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  26. Philosophical Egoism: Its Nature and Limitations: Hans Bernhard Schmid.Hans Bernhard Schmid - 2010 - Economics and Philosophy 26 (2):217-240.
    Egoism and altruism are unequal contenders in the explanation of human behaviour. While egoism tends to be viewed as natural and unproblematic, altruism has always been treated with suspicion, and it has often been argued that apparent cases of altruistic behaviour might really just be some special form of egoism. The reason for this is that egoism fits into our usual theoretical views of human behaviour in a way that altruism does not. This is true on the biological level, where (...)
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  27. Opportunity as Mutual Advantage.Robert Sugden - 2010 - Economics and Philosophy 26 (1):47-68.
    This paper argues that measurements of opportunity which focus on the contents of a person's opportunity set fail to capture open-ended aspects of opportunity that liberals should value. I propose an alternative conception of which does not require the explicit specification of opportunity sets, and which rests on an understanding of persons as responsible rather than rational agents. I suggest that issues of distributive fairness are best framed in terms of real income, and that meaningful measurements of real income are (...)
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  28. Inductive Modeling Using Causal Studies in Neuroeconomics: Brains on Drugs.Moana Vercoe & Paul J. Zak - 2010 - Journal of Economic Methodology 17 (2):133-146.
    This paper introduces a new approach to economic analysis. We show how to move from deductive to inductive modeling and thereby reunite economics with approaches used in the natural sciences. This paper presents the empathy-generosity-punishment model as an example of research based on observation, experimentation, and the elimination of alternatives. Inductive modeling in neuroeconomics allows the identification of the physiologic mechanisms that produce behavior. Unlike most neuroeconomics studies, we show how to establish causation by using drugs to manipulate brain activity. (...)
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  29. Fuzzy Logic and Keynes's Speculative Demand for Money.Sheila C. Dow & Dipak Ghosh - 2009 - Journal of Economic Methodology 16 (1):57-69.
    The purpose of the paper is to explore the potential for using fuzzy logic to analyse economic decision?making under Keynesian uncertainty, and in particular in circumstances where variety of opinion is important. Fuzzy logic is shown to apply where expectations may differ because the nature of the subject matter impedes any ?crisp? way of describing the underlying variables. The particular case of the speculative demand for money is considered, since it explicitly reflects variety of opinion as to whether interest rates (...)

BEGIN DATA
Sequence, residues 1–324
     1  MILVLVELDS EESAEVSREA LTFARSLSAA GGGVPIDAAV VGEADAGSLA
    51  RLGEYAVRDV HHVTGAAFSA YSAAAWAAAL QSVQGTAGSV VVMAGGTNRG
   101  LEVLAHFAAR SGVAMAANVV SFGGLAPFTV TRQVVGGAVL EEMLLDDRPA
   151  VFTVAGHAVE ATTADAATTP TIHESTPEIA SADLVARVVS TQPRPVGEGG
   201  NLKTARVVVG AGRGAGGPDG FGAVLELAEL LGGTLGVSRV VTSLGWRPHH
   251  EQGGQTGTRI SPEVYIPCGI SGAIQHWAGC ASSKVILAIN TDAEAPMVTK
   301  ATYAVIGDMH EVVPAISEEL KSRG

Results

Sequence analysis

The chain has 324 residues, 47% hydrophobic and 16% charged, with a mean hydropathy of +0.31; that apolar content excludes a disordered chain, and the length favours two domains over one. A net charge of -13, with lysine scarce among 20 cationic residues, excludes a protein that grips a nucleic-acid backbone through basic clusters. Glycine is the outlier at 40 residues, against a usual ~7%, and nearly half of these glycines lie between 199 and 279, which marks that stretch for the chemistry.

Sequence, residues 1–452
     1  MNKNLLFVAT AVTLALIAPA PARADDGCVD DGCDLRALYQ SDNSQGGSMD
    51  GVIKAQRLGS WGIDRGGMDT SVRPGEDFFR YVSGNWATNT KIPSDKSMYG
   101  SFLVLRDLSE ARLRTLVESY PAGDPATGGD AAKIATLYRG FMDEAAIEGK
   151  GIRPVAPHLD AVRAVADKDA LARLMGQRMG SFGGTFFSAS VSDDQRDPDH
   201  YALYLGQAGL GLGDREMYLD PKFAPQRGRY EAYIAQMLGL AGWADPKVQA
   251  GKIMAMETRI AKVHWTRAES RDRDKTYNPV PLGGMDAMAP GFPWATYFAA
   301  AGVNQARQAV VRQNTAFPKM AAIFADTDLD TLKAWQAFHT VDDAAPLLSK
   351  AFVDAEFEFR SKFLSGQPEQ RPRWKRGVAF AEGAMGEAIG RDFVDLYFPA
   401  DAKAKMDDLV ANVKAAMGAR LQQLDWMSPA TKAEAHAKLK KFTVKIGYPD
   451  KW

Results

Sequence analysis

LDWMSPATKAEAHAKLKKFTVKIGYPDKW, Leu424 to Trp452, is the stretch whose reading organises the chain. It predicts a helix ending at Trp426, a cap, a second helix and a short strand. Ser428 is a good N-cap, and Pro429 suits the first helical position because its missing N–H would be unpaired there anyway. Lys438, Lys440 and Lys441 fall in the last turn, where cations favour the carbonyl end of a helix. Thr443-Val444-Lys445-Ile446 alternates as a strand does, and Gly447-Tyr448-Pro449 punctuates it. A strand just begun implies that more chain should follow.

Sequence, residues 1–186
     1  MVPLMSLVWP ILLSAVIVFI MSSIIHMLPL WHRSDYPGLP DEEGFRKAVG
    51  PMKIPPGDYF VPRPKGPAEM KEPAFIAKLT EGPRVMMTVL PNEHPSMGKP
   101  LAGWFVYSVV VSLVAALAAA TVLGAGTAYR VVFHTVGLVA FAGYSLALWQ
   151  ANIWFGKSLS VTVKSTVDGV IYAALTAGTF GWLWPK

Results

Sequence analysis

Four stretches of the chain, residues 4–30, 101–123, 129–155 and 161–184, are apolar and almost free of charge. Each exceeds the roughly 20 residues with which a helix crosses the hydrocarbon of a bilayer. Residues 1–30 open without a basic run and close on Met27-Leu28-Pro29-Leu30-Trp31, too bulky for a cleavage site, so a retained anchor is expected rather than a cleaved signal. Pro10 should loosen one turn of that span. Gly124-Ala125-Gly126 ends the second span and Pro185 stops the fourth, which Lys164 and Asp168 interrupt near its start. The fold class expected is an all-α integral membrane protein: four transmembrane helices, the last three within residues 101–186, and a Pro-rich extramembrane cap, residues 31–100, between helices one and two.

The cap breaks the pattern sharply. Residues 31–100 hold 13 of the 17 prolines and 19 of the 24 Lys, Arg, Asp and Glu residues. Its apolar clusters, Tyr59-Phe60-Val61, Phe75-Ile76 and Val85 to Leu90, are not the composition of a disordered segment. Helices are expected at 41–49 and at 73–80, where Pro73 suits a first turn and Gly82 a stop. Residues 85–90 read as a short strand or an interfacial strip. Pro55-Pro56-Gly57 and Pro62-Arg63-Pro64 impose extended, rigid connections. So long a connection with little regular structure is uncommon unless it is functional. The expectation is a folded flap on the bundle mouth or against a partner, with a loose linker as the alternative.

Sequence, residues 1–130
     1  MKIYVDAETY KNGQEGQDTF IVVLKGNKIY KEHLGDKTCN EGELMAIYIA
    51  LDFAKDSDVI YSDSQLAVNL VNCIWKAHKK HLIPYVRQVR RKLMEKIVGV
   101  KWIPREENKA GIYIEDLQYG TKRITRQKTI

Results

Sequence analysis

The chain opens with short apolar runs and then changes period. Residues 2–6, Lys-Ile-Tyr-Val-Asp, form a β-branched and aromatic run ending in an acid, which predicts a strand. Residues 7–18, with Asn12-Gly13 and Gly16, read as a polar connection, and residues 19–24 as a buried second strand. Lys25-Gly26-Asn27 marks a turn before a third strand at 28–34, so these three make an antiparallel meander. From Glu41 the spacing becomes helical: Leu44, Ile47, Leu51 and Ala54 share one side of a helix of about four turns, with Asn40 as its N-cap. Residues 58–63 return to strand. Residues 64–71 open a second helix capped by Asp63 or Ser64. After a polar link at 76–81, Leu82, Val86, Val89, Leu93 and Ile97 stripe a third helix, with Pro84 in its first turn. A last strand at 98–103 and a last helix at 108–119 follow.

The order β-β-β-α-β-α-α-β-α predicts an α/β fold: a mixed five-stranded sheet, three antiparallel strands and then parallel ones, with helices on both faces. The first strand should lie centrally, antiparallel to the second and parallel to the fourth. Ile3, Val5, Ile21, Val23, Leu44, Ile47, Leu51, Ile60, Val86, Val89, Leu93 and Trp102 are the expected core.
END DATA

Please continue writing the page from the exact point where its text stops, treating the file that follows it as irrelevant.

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  30. Foundations of Ambiguity and Economic Modelling.Sujoy Mukerji - 2009 - Economics and Philosophy 25 (3):297-302.
    Are foundations of models of ambiguity-sensitive preferences too flawed to be usefully applied to economic models? Al-Najjar and Weinstein (2009) say such is indeed the case. In this paper, first, we point out that many of the key arguments by Al-Najjar and Weinstein do not apply to quite a few of the ambiguity preference models of more recent vintage, and therefore to that extent do not undermine the foundational aspects or applicability of ambiguity models in general. Second, we argue the (...)
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  31. A Response to Bruni and Sugden: Julie A. Nelson.Julie A. Nelson - 2009 - Economics and Philosophy 25 (2):187-193.
    An article by Luigino Bruni and Robert Sugden published in this journal argues that market relations contain elements of what they call ‘fraternity’. This Response demonstrates that my own views on interpersonal relations and markets – which originated in the feminist analysis of caring labour – are far closer to Bruni and Sugden's than they acknowledge in their article, and goes on to discuss additional important dimensions of sociality that they neglect.
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  32. Why Friedman's Methodology Did Not Generate Consensus Among Economists?David Teira - 2009 - Journal of the History of Economic Thought 31 (2):201-214.
    In this paper I study how the theoretical categories of consumption theory were used by Milton Friedman in order to classify empirical data and obtain predictions. Friedman advocated a case by case definition of these categories that traded theoretical coherence for empirical content. I contend that this methodological strategy puts a clear incentive to contest any prediction contrary to our interest: it can always be argued that these predictions rest on a wrong classification of data. My conjecture is that this (...)
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  33. Creativity, Probability and Uncertainty.Matthew C. Wilson - 2009 - Journal of Economic Methodology 16 (1):45-56.